"As the rope used for rescue lines in throw bags is not classified as lifesaving or safety equipment, there is no requirement for it to conform to any recognised safety or quality standards other than the General Product Safety Directive 2001/95/EC."

    You have to wonder why on earth anyone would fail to classify a throw line as lifesaving or safety equipment, isn't that it's primary purpose?
    My thoughts exactly ... I’d actually suggest that it could be an idea to point this idiocy out to presumably the BSI or whoever regulates this stuff in the UK now.

    I will be doing so myself but many emails are better than one.
    MarkL
    www.canoemassifcentral.com
    Open Canoe hire/outfitting in the Massif Central
    ”We will make your trip work”



  13. #13
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    it could be an idea to point this idiocy out to presumably the BSI or whoever regulates this stuff in the UK now
    At the moment it's probably regulated by the EU - but who knows for how long?

    Please be careful what you ask for, because a standard won't necessarily be an advantage. Even if the right people are involved, there are standards for standards. It won't just cover quality of construction, it will cover length, diameter, floating or not, possibly colour, what's on the end, what's on the other end, etc, and it will definitely increase prices due to the cost of certification, which will be particularly onerous for the small numbers produced by typical canoe equipment makers. It would probably become illegal to sell any throwline that doesn't meet the standard, and it might end up being focussed on throwlines for beach lifeguards, etc, not canoeists. Something like Jeff Allen's innovative throw-tow could be outlawed, and the evolution of better throwlines will be slowed down - for example, if we'd had a standard 20 years ago, the changes which have resulted in a clean line rather than a loop on the far end might not have happened.

    The General Product Safety Directive 2001/95/EC as quoted above, Sale of Goods Act and 'duty of care', if observed, should be enough to prevent sale of throwlines such as those warning covers. I don't know what legal action is in hand.

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    Quote Originally Posted by Chris_B View Post
    At the moment it's probably regulated by the EU - but who knows for how long?

    Please be careful what you ask for, because a standard won't necessarily be an advantage. Even if the right people are involved, there are standards for standards. It won't just cover quality of construction, it will cover length, diameter, floating or not, possibly colour, what's on the end, what's on the other end, etc, and it will definitely increase prices due to the cost of certification, which will be particularly onerous for the small numbers produced by typical canoe equipment makers. It would probably become illegal to sell any throwline that doesn't meet the standard, and it might end up being focussed on throwlines for beach lifeguards, etc, not canoeists. Something like Jeff Allen's innovative throw-tow could be outlawed, and the evolution of better throwlines will be slowed down - for example, if we'd had a standard 20 years ago, the changes which have resulted in a clean line rather than a loop on the far end might not have happened.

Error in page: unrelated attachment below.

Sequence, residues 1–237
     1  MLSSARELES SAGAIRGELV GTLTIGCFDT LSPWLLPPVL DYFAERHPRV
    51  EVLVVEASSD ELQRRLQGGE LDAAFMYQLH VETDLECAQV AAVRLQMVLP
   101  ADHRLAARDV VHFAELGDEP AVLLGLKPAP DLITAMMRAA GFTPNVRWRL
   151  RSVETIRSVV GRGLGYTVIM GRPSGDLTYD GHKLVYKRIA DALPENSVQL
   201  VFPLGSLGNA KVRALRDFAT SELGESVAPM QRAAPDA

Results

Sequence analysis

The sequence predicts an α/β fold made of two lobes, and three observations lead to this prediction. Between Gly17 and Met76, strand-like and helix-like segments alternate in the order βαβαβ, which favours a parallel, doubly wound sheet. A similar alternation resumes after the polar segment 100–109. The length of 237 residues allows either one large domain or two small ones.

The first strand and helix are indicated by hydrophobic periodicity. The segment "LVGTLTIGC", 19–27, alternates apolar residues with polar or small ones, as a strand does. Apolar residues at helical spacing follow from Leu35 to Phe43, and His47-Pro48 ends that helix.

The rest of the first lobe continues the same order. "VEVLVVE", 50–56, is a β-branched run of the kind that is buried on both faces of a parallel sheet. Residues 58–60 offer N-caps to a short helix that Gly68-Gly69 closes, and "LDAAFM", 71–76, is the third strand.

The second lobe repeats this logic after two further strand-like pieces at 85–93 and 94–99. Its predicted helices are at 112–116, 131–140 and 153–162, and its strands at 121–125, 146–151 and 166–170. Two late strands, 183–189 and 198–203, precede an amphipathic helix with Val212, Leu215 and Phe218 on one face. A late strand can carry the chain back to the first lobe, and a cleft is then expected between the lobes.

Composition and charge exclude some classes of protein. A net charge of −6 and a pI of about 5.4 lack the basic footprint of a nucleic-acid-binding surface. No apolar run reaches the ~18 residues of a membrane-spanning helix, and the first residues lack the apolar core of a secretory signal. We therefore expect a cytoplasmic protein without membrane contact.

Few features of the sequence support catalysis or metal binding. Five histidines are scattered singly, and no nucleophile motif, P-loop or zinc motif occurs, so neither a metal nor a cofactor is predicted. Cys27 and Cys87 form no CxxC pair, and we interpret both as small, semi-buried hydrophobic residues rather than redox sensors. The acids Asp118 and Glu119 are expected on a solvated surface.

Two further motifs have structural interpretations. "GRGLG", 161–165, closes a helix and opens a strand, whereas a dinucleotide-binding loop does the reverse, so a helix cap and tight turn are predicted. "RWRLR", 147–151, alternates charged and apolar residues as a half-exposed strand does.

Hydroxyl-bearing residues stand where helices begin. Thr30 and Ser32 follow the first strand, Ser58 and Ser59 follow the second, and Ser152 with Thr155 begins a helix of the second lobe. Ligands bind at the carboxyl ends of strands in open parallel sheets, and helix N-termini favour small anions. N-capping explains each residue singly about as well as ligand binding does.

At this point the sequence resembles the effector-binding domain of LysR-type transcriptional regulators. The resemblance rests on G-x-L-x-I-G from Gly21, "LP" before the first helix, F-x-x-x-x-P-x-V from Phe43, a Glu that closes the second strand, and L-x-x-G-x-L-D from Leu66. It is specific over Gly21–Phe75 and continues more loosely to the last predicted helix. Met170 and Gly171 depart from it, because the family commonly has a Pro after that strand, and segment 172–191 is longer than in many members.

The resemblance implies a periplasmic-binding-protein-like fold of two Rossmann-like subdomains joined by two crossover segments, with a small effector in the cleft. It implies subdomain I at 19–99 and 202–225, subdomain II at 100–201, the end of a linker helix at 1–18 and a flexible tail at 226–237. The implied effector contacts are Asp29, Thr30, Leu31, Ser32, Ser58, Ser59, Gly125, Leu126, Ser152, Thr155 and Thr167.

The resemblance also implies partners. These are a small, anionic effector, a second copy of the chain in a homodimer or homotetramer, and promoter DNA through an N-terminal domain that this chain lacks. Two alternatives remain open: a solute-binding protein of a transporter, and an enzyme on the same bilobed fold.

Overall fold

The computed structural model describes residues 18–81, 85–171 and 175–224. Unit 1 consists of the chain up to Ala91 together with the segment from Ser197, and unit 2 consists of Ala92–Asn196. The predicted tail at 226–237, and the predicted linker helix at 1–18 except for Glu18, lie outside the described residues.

The General Product Safety Directive 2001/95/EC as quoted above, Sale of Goods Act and 'duty of care', if observed, should be enough to prevent sale of throwlines such as those warning covers. I don't know what legal action is in hand.
    i may be being simplistic and take your point but surely it is preferable that a bit of safety equipment should have an onus to meet the need to actually be safety equipment ... your helmet meets a standard, your BA meets a standard, climbing rope meets a standard (be it EC or UIAA) etc. Clearly this doesn’t as it stands.
    MarkL
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    Open Canoe hire/outfitting in the Massif Central
    ”We will make your trip work”



  15. #15
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    It's certainly important that it's fit for its intended purpose, but meeting a standard that doesn't quite apply isn't always helpful. You end up with a standard item that meets an envelope of requirements covering a range of uses, so will have features that are in some uses unnecessary, add cost and even make it unsuitable.

    If the RNLI had their way, we'd all wear lifejackets rather than BAs, and even some of our paddling BAs have features (like a chest buckle across the front zip) that (as the manufacturer told me) are only there because the standard says so. A BA that's designed to be comfortable with a drysuit may not be comfortable on the Tarn in summer and vice versa! Helmets are designed for being upside down a whitewater river, so not necessarily ideal for the use we give them in open boats.

    I admit to a bit of a hobby horse here; in my working life as a specialist design engineer I was unable to specify the product that I needed for the particular use I was designing for, because the standard controlled what could be sold. Even if the product existed (say, in the USA) I couldn't buy it here unless it had been tested and shown to meet the UK/EU standard - it wasn't that the product was inferior, just that the makers weren't prepared to pay for the certification because it was a specialist item and they wouldn't sell many.